In the decades before the Civil War, tens of thousands of enslaved people of African descent made their way from the South to the North via the Underground Railroad, a network of secret routes and safehouses run by abolitionists. One likely stop was located at 227 Duffield Place in downtown Brooklyn, which remains standing to this day just off from the Fulton Mall though it is now surrounded by boutique hotels. Since the building’s owner Mama Joy Chatel passed away in 2014, her daughter Shawné Lee has carried on her efforts to establish this dwelling as a museum and cultural center commemorating Brooklyn’s resistance to slavery.
In 2007, Chatel defeated the state’s attempt to use eminent domain to tear down the building. She had the support of Families United for Racial and Economic Equality (FUREE), then-City Councilmembers Charles Barron and Leticia James and attorney Jennifer Levy. Now known as 227 Abolitionist Place, this site was to be turned into an underground parking lot below Willoughby Square Park, the “anchor” of the Downtown Brooklyn Plan. This “upzoning”, passed by City Council in 2004, is what unleashed the development of the numerous high rises that now blight the downtown Brooklyn skyline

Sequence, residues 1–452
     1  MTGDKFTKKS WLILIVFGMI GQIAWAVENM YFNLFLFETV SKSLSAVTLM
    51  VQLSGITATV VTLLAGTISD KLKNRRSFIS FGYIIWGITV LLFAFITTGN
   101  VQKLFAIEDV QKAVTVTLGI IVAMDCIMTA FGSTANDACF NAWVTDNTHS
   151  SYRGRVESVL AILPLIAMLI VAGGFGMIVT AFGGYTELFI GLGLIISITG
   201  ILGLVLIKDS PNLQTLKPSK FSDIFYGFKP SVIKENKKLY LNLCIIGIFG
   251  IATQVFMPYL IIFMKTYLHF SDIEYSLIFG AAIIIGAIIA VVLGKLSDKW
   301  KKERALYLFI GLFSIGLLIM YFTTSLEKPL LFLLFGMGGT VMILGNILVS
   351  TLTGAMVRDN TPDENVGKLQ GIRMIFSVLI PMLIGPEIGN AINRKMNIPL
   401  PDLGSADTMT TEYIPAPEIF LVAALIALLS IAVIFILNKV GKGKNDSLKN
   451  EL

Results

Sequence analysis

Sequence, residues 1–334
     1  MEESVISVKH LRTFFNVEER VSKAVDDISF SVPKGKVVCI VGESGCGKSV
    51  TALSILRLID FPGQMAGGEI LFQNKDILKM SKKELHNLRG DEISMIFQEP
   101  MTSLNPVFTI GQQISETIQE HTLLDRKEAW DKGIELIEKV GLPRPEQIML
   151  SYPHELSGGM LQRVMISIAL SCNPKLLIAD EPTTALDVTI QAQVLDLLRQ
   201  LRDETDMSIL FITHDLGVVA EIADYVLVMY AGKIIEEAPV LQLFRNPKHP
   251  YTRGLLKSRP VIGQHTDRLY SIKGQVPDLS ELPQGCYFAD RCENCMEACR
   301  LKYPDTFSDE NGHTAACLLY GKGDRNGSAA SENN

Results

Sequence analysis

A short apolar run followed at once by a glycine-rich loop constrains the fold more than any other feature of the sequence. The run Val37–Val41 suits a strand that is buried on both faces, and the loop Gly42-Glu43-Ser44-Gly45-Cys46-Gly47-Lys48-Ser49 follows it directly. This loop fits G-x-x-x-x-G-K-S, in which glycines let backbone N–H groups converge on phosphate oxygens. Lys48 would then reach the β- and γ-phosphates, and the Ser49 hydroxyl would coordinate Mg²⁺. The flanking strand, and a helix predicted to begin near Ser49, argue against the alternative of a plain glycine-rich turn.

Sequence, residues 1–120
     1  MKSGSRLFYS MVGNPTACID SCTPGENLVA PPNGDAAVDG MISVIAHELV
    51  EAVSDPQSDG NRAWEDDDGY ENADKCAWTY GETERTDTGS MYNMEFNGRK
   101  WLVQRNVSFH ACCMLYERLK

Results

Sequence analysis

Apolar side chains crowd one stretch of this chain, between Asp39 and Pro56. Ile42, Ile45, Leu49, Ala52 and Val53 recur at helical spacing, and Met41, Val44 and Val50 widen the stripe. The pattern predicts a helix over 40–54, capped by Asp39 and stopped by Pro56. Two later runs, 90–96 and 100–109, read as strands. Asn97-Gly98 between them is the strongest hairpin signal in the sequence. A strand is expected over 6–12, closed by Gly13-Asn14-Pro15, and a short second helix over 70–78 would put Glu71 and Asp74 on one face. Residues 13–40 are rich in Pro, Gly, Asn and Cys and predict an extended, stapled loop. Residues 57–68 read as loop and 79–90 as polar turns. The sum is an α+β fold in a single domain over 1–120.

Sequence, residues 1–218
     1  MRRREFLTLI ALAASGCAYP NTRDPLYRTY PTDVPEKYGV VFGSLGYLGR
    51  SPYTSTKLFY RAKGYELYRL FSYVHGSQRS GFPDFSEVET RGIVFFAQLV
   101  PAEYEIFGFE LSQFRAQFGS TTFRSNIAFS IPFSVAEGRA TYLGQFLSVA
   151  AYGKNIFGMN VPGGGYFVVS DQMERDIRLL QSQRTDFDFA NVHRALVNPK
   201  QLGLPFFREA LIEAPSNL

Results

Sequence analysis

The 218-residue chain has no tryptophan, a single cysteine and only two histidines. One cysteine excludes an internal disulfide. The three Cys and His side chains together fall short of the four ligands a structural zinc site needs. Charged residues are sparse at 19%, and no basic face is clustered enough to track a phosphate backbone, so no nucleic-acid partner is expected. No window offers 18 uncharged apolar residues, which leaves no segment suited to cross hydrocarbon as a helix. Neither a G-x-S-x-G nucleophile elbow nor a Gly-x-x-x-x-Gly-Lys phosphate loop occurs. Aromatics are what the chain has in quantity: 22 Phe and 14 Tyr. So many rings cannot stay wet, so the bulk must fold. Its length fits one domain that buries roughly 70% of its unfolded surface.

The dream of creating a museum and cultural center remain in jeopardy due to zoning and financial problems. I spoke with Shawné Lee, who expressed her commitment to fulfill her mother’s vision. She and supporters are currently organizing a gala performance featuring fusion band Resura Arkestra, griot band Kakande and Abun Dance Academy to take place Sunday April 17 at Roulette, 509 Atlantic Avenue. Honorees will be Councilwoman Laurie Cumbo and University of Maryland archeologist Dr. Cheryl LaRoche, whose work disproved the assertions of the state’s expert justifying the destruction of 227 Duffield Place. For more information, go to http://www.227abolitionistplace.net/events.